Former Regulatory Chair Tells All, Suggests Reforms at State Level
WASHINGTON, D.C. - The move toward a competitive marketplace in the digital age is being made more difficult by state utility commissions that engage in “regulatory impressionism” rather than objective decision-making. That is the view of a former state regulatory chair turned think tank president, who is telling all and calling for reforms.
In a just-published article, “Regulatory Impressionism: What Regulators Can and Cannot Do,” Progress & Freedom Foundation President Raymond L. Gifford describes the inner workings of state commissions, exposes systemic limitations and pressures, and suggests what regulators can and cannot do well. He begins with a diagnosis: “Regulatory impressionism accurately describes the way state commissions regulate,” writes Gifford in the Review of Network Economics. “The motives, analysis and actions of state regulators stem from an amalgam of quickly processed information and decision points. Likewise, the institutional structure of state commissions – how they work and who serves on them – works against deliberated, principled decision-making.”
According to Gifford, the commissions’ constraints include structure, resources and the ability of their members. He says commissions suffer from “hav[ing] been put at the vanguard of implementing competition policy” by the FCC’s interpretation of the 1996 Telecommunications Act, which “conferred regulatory duties on the states that cannot be performed well, perhaps not by any entity, but certainly not by the states.” Add to that “roomy and broad” operative standards – ‘public interest’, ‘public convenience and necessity’, ‘just and reasonable’ – that were more useful when regulators’ primary tasks were to constrain monopoly pricing or police rate-of-return.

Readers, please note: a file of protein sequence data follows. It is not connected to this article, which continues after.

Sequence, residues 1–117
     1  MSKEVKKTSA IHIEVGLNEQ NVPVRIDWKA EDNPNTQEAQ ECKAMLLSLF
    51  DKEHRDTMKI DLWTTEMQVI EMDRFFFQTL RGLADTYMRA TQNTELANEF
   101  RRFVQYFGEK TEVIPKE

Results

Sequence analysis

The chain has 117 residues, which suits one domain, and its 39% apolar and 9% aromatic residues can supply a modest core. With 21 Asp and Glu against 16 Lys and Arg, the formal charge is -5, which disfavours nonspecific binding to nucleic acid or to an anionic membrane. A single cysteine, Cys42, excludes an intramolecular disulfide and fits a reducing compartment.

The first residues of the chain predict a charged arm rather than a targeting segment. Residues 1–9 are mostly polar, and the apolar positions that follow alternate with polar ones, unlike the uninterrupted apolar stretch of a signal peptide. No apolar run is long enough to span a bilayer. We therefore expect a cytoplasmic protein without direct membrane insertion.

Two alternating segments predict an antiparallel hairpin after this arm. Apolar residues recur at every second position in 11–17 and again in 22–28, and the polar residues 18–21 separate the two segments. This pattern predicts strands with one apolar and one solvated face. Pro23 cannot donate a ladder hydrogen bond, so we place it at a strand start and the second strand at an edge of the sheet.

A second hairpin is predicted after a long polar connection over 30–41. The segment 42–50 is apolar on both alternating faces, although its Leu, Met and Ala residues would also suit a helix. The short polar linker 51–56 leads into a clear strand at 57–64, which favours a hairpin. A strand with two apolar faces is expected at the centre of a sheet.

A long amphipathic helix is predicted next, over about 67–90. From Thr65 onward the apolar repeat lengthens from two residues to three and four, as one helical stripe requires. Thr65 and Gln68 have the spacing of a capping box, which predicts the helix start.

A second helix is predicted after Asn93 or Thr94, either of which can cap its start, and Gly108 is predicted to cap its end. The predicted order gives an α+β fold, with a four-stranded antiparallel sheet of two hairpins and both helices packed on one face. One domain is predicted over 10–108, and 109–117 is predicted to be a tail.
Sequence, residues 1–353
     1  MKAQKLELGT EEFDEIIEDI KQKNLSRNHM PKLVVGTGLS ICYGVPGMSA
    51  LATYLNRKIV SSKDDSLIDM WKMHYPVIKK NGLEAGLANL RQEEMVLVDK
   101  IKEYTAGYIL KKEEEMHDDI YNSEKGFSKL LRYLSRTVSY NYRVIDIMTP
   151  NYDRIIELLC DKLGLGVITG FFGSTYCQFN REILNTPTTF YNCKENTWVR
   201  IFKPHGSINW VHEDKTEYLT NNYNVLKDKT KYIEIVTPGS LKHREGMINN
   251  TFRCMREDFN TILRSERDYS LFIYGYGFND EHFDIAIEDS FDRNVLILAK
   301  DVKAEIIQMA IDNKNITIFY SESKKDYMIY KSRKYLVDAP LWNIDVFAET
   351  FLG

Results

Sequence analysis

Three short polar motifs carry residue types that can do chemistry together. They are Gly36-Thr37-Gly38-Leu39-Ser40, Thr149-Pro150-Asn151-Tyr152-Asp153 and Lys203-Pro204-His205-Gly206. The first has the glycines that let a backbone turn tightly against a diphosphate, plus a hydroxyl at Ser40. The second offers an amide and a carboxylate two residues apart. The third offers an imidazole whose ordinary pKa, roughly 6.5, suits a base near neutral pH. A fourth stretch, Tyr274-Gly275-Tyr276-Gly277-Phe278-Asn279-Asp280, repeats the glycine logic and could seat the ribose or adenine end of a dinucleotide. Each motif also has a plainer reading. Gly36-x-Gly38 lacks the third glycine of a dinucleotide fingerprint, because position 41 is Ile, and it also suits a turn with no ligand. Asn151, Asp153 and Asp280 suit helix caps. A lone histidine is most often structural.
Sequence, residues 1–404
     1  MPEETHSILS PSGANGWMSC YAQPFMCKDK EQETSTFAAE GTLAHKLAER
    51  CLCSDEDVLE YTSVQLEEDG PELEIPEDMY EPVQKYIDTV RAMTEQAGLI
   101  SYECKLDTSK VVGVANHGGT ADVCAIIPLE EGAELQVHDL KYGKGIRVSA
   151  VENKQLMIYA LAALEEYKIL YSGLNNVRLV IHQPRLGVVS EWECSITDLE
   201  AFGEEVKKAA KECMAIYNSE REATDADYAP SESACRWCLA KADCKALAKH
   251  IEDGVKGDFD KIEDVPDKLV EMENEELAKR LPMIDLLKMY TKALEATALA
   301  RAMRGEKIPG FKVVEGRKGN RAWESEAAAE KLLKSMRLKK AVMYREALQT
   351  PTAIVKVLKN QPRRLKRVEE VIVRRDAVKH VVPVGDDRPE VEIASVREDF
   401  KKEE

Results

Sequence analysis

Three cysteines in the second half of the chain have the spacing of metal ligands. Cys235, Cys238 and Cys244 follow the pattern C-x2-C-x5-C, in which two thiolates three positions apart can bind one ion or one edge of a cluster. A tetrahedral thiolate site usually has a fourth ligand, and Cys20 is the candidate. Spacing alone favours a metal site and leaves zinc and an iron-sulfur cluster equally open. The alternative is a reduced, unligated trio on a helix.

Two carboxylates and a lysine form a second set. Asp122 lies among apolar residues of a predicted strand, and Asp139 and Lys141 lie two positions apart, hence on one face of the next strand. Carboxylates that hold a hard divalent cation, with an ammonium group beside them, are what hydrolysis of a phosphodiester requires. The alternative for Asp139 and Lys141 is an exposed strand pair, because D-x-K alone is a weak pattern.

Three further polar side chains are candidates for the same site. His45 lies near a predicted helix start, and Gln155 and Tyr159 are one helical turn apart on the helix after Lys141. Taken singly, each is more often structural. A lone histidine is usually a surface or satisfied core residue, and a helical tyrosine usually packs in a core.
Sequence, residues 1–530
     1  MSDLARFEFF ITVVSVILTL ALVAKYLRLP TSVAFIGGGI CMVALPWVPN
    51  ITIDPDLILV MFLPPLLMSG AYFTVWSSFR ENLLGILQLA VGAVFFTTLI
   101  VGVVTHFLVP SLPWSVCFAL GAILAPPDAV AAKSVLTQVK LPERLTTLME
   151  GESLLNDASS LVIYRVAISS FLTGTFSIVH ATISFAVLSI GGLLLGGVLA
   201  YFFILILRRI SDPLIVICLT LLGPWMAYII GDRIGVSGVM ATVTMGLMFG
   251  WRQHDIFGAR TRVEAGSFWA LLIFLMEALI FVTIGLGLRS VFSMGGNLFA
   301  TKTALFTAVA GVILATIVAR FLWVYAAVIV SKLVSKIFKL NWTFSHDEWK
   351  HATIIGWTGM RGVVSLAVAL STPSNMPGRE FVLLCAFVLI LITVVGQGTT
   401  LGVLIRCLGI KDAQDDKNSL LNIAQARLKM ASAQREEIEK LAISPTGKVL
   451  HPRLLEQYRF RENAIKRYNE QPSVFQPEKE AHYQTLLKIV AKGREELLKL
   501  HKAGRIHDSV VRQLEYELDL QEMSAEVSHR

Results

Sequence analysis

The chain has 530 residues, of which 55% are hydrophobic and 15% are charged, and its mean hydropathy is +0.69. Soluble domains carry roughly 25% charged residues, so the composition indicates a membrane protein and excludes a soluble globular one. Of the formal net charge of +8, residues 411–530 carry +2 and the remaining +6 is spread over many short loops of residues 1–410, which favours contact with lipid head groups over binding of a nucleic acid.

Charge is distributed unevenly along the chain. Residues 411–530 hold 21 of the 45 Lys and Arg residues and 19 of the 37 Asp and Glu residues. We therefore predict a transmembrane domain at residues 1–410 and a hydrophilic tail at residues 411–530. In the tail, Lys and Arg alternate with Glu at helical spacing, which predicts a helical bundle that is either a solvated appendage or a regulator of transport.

According to Gifford, “The epitome of what state commissions cannot do” is TELRIC pricing. “Like the fabled search for rates that mimic market outcomes, there is no analytical or empirical place to begin in pricing a theoretically most-efficient network.” Rather, he argues, it has become “a vehicle for creating a margin between wholesale and retail rates” to assure ‘competitive’ entry.
Holding no hope legislatures will enact reforms, he says “it is up to the commission to constrain itself.” Two reforms are needed: First, “applicable legal standards will have to become better defined and more reliable over time.” That can be done by defining vague operating concepts or changing focus “from ex ante prescriptive rulemaking to ex post, dispute-specific complaint resolution.” Second, state commissions must “return to recognizing their core competencies.” The Progress & Freedom Foundation is a market-oriented think tank that studies the impact of the digital revolution and its implications for public policy. It is a 501(c)(3) nonprofit organization founded in 1993.